Many people are afraid of elevators. Some even turn down lucrative job offers because they entail going higher than the first floor in buildings where the stairs are closed for security reasons. Whatever the reason someone fears getting on an elevator, there are many ways to combat that fear. First and foremost is professional help. Whether someone needs a psychiatrist to prescribe medications to alleviate a mental-health condition or a clinical psychologist to discuss coping mechanisms in therapy sessions, this is the most effective way, for most people, to deal with such fear.
When it comes to self-applied methods of controlling one’s fear of elevators, it’s all about distraction. The idea is to concentrate on something else so the mind doesn’t have the opportunity to think about the fear. It might not always work, but it gives the elevator phobic a definite advantage. It’s a good idea to use all of the following suggestions in a rotating fashion so that the mind doesn’t get used to one particular method.
- Carry a book of crosswords and a pencil that you can take out when necessary. This will also help you break the ice with any other passengers on the elevator. “What’s a six-letter word for whatsit?” is an innocuous question that is unlikely to cause any problems.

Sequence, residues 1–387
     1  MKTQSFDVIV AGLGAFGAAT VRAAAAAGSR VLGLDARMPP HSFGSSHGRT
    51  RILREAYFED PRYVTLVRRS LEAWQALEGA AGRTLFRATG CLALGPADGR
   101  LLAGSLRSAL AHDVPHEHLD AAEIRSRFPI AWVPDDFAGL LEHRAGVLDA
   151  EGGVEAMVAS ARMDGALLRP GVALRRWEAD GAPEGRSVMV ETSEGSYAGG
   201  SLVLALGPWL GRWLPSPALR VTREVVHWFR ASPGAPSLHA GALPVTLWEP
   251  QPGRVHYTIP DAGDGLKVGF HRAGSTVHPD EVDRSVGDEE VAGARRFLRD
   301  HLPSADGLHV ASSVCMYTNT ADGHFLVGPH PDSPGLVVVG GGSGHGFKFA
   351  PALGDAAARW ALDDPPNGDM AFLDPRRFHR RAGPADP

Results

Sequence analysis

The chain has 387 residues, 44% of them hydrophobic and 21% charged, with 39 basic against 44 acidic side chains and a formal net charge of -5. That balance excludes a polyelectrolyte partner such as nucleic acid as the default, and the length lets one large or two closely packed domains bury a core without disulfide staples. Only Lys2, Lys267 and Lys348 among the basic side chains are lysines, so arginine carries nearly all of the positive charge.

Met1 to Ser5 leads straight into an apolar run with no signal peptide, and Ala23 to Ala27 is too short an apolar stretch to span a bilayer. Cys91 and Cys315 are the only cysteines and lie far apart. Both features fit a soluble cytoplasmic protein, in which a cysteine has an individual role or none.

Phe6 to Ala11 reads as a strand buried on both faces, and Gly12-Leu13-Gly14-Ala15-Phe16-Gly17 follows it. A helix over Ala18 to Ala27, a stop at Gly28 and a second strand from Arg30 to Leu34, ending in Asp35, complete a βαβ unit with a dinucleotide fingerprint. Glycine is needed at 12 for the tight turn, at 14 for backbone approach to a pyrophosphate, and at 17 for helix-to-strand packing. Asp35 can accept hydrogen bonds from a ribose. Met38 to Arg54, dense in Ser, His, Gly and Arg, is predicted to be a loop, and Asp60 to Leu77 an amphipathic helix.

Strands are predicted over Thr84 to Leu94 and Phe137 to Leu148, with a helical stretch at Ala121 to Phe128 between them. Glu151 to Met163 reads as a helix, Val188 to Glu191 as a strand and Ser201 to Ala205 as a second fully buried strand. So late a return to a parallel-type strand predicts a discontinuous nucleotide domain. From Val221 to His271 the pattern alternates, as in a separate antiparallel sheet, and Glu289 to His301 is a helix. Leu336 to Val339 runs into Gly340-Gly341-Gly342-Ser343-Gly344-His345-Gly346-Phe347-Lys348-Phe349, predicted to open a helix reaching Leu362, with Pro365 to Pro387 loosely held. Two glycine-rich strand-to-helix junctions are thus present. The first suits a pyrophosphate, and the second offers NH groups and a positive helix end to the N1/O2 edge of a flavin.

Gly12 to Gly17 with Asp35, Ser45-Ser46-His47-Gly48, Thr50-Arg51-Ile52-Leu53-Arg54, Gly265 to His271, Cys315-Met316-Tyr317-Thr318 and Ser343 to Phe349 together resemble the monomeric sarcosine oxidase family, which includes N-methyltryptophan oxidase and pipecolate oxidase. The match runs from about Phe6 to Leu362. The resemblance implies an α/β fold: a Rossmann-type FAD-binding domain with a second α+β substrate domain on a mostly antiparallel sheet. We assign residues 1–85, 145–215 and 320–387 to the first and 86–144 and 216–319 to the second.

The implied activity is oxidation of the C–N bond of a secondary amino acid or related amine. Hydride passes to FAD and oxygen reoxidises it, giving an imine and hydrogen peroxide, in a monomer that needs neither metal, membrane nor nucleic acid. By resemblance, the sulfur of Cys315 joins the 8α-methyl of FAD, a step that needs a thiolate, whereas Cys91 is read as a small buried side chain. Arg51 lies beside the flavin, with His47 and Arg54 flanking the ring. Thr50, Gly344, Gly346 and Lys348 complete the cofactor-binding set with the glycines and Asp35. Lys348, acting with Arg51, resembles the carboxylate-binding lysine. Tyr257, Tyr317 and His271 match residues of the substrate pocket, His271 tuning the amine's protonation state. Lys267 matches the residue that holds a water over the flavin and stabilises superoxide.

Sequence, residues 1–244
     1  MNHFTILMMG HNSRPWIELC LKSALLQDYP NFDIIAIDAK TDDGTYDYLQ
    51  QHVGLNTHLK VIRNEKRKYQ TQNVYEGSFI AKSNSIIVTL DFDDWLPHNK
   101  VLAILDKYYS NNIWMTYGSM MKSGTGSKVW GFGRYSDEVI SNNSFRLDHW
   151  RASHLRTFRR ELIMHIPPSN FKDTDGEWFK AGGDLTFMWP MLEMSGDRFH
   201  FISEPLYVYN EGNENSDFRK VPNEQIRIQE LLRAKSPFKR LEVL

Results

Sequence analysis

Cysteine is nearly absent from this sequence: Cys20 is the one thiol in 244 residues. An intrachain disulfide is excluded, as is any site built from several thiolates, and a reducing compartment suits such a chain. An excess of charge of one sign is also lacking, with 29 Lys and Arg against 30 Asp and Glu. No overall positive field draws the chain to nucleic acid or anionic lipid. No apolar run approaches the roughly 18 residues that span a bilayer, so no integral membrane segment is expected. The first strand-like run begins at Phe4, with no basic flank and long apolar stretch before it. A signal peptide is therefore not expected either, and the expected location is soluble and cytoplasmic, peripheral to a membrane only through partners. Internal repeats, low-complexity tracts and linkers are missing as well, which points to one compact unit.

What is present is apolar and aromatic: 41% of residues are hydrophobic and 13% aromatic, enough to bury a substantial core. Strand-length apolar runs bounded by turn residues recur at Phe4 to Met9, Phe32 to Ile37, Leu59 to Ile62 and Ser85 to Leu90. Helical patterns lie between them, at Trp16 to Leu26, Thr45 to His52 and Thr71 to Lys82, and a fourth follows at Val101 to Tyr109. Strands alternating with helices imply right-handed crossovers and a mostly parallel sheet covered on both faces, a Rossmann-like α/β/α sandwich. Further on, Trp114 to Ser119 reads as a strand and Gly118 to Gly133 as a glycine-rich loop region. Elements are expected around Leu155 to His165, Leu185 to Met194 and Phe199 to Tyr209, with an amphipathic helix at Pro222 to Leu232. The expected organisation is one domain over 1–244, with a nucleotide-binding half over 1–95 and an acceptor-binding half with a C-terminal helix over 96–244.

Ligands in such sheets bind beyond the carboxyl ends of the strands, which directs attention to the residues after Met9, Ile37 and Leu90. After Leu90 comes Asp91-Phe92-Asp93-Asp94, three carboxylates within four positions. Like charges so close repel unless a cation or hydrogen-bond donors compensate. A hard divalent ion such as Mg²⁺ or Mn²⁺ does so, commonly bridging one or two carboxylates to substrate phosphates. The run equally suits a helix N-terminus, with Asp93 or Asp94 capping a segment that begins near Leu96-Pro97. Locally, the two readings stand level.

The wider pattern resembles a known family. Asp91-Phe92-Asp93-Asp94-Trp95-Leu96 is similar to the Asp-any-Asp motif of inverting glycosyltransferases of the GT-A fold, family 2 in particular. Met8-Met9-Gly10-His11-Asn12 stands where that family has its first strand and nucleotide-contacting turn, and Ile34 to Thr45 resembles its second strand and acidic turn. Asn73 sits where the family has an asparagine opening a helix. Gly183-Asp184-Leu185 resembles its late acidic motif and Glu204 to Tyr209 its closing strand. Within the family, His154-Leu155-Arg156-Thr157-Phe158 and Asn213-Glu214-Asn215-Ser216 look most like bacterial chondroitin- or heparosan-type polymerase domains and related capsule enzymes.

- Wear a rubberband around your wrist and snap it. Not only will the tiny sting distract you, but you can also snap it in rhythm to your favorite song.
- Carry your keys in your pocket and try to determine which key is which only by feel. You can also do the same thing with coins.
- Choose a specific word length and circle all the words in a newspaper that are that long. You can combine this one with the crossword puzzle book for variety instead of using a newspaper.
- Jot down to-do lists or other lists that pique your interest, such as “top 10 baseball players of all time,” or similar.
- Count ceiling or floor tiles, or mentally estimate the size of each tile and do the math for figuring out the square footage of the floor or ceiling.
- Think up a girl’s name for every letter of the alphabet. Then, do the same thing with boy’s names if it’s a long ride.
- Try to read your newspaper or magazine upside down. It’s harder than you think.
- Carry a round hairbrush and flick the bristles while doing one of the mental activities on this list. If the fear gets worse, clutch the bristles and rotate the brush. The slight pain will certainly distract you.
- Play a game or text someone on your mobile device. If you’re alone on the elevator, call someone: Just being able to talk to someone can be a relief.
For people who are afraid of elevators, thankfully, even 100-story rides on modern elevators rarely take more than a minute. You’ll only have to distract yourself for a short while before the doors open and you’re on firm ground yet again.